If I created a pre-travel montage of Jordan, it would have idyllic sands with camels wandering in the distance.
I’d feature The Treasury ; a mind-boggling elaborate 40-metre structure carved out of a sandstone cliff in the lost city of Petra. This iconic ancient world wonder rocketed into tourism megastar status after Indiana Jones dropped by in search of the holy grail.
Red Sea exotic fish would play in bright coral. And, for a bit of fun, I’d finish off my montage with a muddy figure floating in the dead sea.
Then I’d stand back, look at my creation and think I’d probably done Jordan justice.
But I wouldn’t be close.
After travelling for 10 days on the new Jordan Bike Trail, my work of art would still include all of the above. After all, the picture perfect sandy Wadi Rum, immortalised in the multi Oscar-winning epic Lawrence of Arabia, is a natural Unesco heritage site not to be missed. The rose city of Petra is an ancient world wonder and who doesn’t want to try and die like a fly in the dead sea?
However, my sand, sea and camels montage is now filled with (in no particular order) rolling hills, olive groves, soaring mountains, epic vistas, great rifts, rocky ridge lines, water-filled canyons, endless valleys (Wadis), unfathomable rock formations, crusader castles, biblical events, the promised land, precious biospheres, untold archaeological sites and countless good-humoured encounters laced with copious amounts of cardamon coffee.
But there’s still one thing I haven’t added to complete my montage. It’s something that revealed itself the deeper I travelled. And, for me, it’s Jordan’s star attraction.
There’s an infectious joy in Jordan that radiates from the people everywhere you go. In towns, cool trendy girls in colourful hijabs and aviator sunglasses shout “welcome”. On the trail, farmers offer tea or coffee. You’ll be invited into Bedouin tents to feast on Mansaf (a traditional dish of lamb and rice) Villagers offer homestays on another level (one had an ensuite) and tribe elders will host you at wild camps in the Wadis.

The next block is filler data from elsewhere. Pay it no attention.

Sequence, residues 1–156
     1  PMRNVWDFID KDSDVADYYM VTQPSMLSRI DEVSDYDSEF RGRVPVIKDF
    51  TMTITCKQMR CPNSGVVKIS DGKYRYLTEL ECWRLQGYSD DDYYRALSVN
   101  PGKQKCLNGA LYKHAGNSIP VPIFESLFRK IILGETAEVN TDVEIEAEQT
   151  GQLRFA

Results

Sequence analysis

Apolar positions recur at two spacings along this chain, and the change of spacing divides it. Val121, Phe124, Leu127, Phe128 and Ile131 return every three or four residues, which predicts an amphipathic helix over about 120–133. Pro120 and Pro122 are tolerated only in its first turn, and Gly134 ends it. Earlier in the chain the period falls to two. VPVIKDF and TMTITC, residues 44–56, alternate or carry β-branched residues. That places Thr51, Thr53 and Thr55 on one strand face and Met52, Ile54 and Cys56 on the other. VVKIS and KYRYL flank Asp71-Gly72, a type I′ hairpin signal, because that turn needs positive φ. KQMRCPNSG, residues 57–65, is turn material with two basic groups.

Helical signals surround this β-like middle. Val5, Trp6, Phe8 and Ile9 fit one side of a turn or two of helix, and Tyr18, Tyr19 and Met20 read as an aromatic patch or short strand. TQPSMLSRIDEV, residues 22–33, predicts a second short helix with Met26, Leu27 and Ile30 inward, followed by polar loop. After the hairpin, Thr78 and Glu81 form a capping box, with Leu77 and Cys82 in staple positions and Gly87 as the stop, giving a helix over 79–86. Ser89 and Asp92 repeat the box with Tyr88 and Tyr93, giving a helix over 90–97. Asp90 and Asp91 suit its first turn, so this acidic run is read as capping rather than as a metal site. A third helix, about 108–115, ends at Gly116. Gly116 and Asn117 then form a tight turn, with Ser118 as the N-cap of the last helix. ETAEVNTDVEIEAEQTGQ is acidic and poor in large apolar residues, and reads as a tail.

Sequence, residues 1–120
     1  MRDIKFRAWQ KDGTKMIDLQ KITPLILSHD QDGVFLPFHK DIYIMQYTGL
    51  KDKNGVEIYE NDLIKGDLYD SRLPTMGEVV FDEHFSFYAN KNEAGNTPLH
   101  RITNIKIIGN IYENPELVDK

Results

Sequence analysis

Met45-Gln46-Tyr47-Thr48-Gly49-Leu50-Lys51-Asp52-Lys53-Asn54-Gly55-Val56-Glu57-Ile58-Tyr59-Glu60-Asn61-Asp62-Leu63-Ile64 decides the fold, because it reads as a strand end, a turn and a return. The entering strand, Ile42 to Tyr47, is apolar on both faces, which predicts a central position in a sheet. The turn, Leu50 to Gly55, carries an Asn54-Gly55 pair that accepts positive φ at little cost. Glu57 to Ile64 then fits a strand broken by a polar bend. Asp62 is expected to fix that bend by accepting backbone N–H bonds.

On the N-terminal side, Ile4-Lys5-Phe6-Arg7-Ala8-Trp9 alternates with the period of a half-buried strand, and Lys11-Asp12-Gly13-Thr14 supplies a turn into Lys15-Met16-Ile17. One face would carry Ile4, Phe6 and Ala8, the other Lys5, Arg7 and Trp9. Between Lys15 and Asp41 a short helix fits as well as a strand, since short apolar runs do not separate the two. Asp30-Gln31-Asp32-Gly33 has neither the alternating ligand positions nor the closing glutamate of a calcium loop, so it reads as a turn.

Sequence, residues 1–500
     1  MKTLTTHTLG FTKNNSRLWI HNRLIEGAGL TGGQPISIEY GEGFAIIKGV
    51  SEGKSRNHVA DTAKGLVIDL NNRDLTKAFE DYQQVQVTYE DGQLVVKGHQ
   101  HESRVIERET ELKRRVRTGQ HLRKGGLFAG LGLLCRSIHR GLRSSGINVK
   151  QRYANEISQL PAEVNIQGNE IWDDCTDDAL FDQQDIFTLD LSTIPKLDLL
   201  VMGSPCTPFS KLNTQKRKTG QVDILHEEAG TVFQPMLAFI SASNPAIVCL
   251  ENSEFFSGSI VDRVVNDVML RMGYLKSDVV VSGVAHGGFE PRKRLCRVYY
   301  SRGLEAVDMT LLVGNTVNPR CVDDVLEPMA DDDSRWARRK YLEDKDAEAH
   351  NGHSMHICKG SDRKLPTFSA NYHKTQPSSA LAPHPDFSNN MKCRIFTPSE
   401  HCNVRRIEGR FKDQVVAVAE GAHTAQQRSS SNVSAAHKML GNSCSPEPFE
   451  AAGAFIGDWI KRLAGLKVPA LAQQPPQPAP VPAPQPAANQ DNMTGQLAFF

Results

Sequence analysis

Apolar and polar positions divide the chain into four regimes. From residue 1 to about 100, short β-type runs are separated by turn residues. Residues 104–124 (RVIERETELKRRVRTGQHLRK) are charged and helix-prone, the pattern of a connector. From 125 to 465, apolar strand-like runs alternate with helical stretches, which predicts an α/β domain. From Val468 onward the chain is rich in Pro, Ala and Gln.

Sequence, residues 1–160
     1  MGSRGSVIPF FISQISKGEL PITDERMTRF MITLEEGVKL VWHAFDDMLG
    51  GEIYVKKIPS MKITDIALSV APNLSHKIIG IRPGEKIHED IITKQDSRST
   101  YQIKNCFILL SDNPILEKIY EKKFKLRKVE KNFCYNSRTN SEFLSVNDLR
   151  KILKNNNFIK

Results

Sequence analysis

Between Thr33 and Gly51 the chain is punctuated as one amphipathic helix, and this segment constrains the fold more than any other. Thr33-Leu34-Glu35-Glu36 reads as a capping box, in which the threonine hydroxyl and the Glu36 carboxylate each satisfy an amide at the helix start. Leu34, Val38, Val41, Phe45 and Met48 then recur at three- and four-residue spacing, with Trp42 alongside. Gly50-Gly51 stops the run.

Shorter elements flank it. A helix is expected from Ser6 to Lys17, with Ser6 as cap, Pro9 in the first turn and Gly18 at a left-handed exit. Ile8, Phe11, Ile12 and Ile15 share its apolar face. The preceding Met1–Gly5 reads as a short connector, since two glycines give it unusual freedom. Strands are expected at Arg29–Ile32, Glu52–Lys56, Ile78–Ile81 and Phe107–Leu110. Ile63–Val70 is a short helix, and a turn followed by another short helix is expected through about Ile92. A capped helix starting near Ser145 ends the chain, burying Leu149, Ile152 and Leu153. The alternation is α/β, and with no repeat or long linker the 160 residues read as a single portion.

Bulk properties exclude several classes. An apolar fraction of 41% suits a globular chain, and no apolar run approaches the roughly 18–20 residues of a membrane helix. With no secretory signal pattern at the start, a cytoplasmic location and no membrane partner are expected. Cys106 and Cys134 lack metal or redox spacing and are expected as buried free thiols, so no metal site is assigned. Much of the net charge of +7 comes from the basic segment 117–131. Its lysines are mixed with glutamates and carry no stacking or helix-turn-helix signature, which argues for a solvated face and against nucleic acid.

Experience Jordan have worked with communities along the 725-kilometre trail, helping families set up homestays and rest stops to support those who want to explore the whole country.
Locals will go to great lengths to make you feel at home. Some say that’s part of everyday Arabic hospitality. But this country, has a generosity like no other.
Jordan has a very long history of helping its neighbours and tops a list of just 10 countries (out of 163) that host more than half of the world’s refugees. This figure represents roughly a third of Jordan’s population.
Despite events in neighbouring countries, this small Arab kingdom, which protects the freedom of all religions, has remained peaceful and stable.
Perhaps it’s this mix of history, culture, an unwavering push for peace in a challenging region, and embracing all those who need a home which gives Jordan its special spirit – a spirt you’ll discover when you travel through the heart of this remarkable land.
Enjoy this short 3 minute film “The Joy of The Jordan Bike Trail” and more good-to-know info about Jordan below.
About The Jordan Bike Trail
The Jordan Bike Trail is a new long distance 725 kilometre route from the rolling hills of Um Qais in the north to the coral seas of Aqaba in the south.
The mixed route – roughly 60% off-road double track and 40% tarmac – is physically challenging but not too technical. It’s been designed to take in the best the country has to offer – known and unknown.
The trail can be taken on independently or tackled in sections. You can join a small group adventure or create a trip with any level of support you need. More info at: jordanbiketrail.com
The Hashemite Kingdom of Jordan is south of Iraq and Syria, north of Saudi Arabia and east of Israel and Palestine. It sits at the crossroads of ancient trade routes between Asia, Africa and Europe. Some of the oldest civilisations have left their mark on this diverse landscape.
It is a constitutional monarchy often described as an oasis of clam in a troubled region. King Abdullah is popular both in Jordan and internationally for his democratic reforms. Crime is low compared with many cities in Europe and the United States.